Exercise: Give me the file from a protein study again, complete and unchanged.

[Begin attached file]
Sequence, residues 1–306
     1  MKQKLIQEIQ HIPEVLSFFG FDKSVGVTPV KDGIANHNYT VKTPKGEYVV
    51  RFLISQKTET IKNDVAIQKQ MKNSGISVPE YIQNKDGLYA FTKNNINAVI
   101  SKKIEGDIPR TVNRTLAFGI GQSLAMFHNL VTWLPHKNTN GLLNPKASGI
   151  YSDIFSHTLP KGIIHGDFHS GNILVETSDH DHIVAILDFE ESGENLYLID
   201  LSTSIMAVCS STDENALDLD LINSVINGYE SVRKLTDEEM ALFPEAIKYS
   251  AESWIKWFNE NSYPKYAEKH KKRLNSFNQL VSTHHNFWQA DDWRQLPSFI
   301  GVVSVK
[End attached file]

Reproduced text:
Sequence, residues 1–306
     1  MKQKLIQEIQ HIPEVLSFFG FDKSVGVTPV KDGIANHNYT VKTPKGEYVV
    51  RFLISQKTET IKNDVAIQKQ MKNSGISVPE YIQNKDGLYA FTKNNINAVI
   101  SKKIEGDIPR TVNRTLAFGI GQSLAMFHNL VTWLPHKNTN GLLNPKASGI
   151  YSDIFSHTLP KGIIHGDFHS GNILVETSDH DHIVAILDFE ESGENLYLID
   201  LSTSIMAVCS STDENALDLD LINSVINGYE SVRKLTDEEM ALFPEAIKYS
   251  AESWIKWFNE NSYPKYAEKH KKRLNSFNQL VSTHHNFWQA DDWRQLPSFI
   301  GVVSVK